Hawkins running with opportunity

Sept. 12, 2008


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Vanderbilt running back Jared Hawkins is a 5-foot-10, 200-pound cliché for perseverance.

The same way he waits for his blocks, the redshirt junior remained patient through two trying seasons and when given the opportunity, he burst right through the hole, rushing for 84 yards and a touchdown on 17 carries in the Commodores' 24-17 victory over then-No. 24 South Carolina last Thursday.

"Jared has been through a lot here and hasn't really gotten a lot of reps like he's probably wanted to," said senior quarterback Chris Nickson. "He's just been working his tail off and doing everything the right way, going about things the right way, being a great man, a great man of faith."

Nickson said it was a joy to hand the ball off to Hawkins in the closing minutes and watch him pick up two straight first downs to seal the victory.

"His opportunity has finally presented itself and what he did was he came out and he put the team on his shoulders and carried us down the field," Nickson said. "It showed that hard work pays off. I can't say enough about him."

Nobody can.

"I wasn't surprised by anything that Jared did or what he can do because I know he's always been a great back for us," said center Bradley Vierling. "I'm just excited whenever he gets that ball. You never know what's going to happen, if he's going to break it for 30 yards for a touchdown or slam it in there for four and just get us a first down."

Vierling said he loves blocking for all of his tailbacks, but you sense that he gets a little extra satisfaction from watching one of his closest friends enjoying success.

"I'm just excited to be a part of Jared Hawkins' life," Vierling said, "and it's just a pleasure blocking for him."

Given Hawkins' recent accomplishments, it's easy to forget the journey he has taken to get here. As a redshirt freshman, the Spring, Texas, native averaged a team-high 6.9 yards per carry (298 yards on 43 carries) and scored three touchdowns in a back-up role behind Cassen Jackson-Garrison.

Hawkins seemed poised for a breakout season in 2007. However, with Jackson-Garrison still in the fold and Jeff Jennings returning from injury, the opportunity never came. Hawkins rushed for 267 yards on 60 carries and missed the final two games after suffering a concussion against Kentucky.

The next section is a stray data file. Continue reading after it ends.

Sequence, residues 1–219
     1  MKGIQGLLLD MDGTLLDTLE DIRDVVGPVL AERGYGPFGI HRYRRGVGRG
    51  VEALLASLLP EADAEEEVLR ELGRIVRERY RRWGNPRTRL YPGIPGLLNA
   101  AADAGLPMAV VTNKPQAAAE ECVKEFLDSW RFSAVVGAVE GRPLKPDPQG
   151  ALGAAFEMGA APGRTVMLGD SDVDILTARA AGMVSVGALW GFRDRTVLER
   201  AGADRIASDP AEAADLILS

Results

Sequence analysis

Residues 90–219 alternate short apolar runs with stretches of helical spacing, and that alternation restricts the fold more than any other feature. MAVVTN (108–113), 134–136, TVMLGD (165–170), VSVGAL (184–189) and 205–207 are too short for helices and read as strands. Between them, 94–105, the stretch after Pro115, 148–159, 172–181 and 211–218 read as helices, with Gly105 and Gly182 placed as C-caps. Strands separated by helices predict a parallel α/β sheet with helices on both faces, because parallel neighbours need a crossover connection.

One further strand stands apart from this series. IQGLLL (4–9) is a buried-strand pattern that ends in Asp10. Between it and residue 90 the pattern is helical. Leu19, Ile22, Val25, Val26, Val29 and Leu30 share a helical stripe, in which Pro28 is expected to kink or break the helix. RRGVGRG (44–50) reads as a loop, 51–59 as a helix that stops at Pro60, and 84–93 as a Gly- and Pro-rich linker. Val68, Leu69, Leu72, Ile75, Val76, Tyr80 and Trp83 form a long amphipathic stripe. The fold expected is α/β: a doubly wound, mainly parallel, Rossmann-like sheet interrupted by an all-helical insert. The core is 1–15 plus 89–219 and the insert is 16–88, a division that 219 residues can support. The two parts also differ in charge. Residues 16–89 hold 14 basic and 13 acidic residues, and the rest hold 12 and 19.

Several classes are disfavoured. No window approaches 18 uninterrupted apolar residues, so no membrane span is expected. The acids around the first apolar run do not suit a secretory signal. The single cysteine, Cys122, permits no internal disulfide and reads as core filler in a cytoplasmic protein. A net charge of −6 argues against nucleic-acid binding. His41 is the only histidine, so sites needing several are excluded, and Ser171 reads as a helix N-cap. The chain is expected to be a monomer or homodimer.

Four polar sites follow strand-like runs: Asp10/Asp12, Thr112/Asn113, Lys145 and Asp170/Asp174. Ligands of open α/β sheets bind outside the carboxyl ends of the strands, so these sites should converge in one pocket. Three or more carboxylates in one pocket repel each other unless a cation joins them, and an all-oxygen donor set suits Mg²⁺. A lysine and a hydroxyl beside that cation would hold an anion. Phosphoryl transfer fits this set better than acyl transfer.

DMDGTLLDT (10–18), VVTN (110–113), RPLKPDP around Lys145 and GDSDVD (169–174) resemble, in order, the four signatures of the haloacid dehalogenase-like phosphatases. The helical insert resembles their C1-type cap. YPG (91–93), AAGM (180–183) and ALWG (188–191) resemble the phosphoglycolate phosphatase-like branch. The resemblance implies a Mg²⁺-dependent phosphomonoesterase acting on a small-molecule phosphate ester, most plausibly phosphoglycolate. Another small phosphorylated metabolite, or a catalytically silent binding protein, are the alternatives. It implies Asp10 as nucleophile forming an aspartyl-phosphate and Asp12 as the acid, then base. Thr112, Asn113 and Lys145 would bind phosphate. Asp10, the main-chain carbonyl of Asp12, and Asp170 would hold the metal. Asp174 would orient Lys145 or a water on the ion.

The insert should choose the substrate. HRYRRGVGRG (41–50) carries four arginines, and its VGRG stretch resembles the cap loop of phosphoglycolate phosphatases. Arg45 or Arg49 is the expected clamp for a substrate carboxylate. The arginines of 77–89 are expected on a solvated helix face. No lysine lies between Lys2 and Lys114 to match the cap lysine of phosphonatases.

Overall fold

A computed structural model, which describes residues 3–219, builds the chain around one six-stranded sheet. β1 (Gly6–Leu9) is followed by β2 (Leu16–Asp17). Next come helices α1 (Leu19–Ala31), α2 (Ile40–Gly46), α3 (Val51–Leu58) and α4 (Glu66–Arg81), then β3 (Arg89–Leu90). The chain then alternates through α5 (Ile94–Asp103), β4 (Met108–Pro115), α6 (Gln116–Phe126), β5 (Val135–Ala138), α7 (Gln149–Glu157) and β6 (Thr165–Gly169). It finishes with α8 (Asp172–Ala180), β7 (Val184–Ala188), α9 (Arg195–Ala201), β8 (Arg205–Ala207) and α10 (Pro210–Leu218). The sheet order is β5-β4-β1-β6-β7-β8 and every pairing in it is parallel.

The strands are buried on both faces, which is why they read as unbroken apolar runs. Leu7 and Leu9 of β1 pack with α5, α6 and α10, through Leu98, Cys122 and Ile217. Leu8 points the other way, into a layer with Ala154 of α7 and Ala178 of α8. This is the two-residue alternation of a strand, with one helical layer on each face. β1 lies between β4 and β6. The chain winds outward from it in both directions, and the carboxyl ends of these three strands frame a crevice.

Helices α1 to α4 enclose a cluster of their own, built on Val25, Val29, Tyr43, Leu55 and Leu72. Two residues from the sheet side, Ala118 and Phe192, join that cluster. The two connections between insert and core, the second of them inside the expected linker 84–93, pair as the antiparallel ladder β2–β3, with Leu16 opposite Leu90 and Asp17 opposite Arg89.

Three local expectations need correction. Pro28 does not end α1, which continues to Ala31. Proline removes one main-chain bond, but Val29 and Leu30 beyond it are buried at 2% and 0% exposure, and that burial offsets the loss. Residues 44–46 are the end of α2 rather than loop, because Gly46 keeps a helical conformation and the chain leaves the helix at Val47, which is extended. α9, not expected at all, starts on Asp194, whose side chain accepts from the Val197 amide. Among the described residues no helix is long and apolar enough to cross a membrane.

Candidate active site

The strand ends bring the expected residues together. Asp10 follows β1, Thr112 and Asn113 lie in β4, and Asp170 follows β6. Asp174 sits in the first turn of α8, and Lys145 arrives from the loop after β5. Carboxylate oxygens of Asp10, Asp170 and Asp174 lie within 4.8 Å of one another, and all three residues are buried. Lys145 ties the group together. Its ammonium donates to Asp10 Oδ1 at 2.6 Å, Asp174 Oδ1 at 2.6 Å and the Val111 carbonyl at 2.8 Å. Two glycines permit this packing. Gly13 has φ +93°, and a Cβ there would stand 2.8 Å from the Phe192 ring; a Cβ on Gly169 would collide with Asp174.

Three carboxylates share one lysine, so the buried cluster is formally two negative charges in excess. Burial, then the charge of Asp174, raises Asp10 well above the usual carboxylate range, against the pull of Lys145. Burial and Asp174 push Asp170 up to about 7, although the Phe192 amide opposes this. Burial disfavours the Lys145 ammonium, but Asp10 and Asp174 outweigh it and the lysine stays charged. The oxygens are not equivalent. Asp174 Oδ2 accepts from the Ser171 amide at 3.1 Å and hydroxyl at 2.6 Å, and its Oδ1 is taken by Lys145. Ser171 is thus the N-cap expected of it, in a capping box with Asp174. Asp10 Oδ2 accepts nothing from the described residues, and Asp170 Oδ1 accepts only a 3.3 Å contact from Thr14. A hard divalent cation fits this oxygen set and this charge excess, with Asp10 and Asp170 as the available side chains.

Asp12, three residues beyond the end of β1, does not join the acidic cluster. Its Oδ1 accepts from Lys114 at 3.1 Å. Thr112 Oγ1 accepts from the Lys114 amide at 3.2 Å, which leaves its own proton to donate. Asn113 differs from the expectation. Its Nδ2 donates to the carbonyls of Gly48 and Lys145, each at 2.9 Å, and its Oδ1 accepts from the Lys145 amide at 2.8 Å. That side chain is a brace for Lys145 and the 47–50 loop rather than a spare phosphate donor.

Was Hawkins frustrated? Of course, but it'd be more worrisome if he wasn't. Rather than point fingers or get discouraged, he remained faithful and continued to work hard.

"It was definitely tough, but I just trusted God to take care of me," he said. "I knew he had a plan, a purpose for that."

Hawkins said it was really exciting to prove that he could thrive as a featured back.

"When you come to college to play football you want those opportunities and you kind of expect it," he said. "I've been waiting my time, and I feel like I got it and I did pretty well; so I'm just trying to continue to get better."

That drive to improve has defined Hawkins' career on West End.

"Every offseason I work as hard as I can," he said. "I always want to try to be the best in the weight room and the agility drills, so that's a big part of what I do. I really feel like hard work has gotten me to where I am now, and I'm going to continue to work hard."

His teammates are certain of that.

"Jared's one of the hardest workers on the team," Vierling said. "He's non-stop, go hard, always on the grind. Whatever that guy gets, he deserves."

Vierling said Hawkins' biggest improvement has come in pass protection.

"He's improved on that more so than I'd say anything he's done," the center said. "Knowing the offense better, knowing where blitzes are coming from, just getting your pads down and blocking better, he's really improving and he's looking good."

The fact that Hawkins has become a more complete player hasn't been lost on Vanderbilt coach Bobby Johnson.

"I expected Jared to have a good year," Johnson said. "I said earlier that I thought we would be better at the running back position than we were last year, and Jared was going to be a big part of it."

Johnson added that Hawkins' stature can be deceiving.

"Jared runs bigger than he looks," he said. "He's a stout kid, but he doesn't look that way if you just look at him on the field. I think he surprises a few people with his power. He doesn't mind at all running between the tackles and bouncing off tacklers, and he did a great job of that (last Thursday)."

Vierling, who came in with Hawkins, agreed.

"Jared's fearless," he said. "When he gets the ball all he wants to do is just gain yards. It doesn't matter if he's breaking to the outside and running past people or trying to run them over through the middle. No matter what, he's going to get the job done."

You can be certain of that.

-Jarred Amato is a senior at Vanderbilt University and also serves as editor of The Sports VU. He can be reached at jarred.s.amato@vanderbilt.edu



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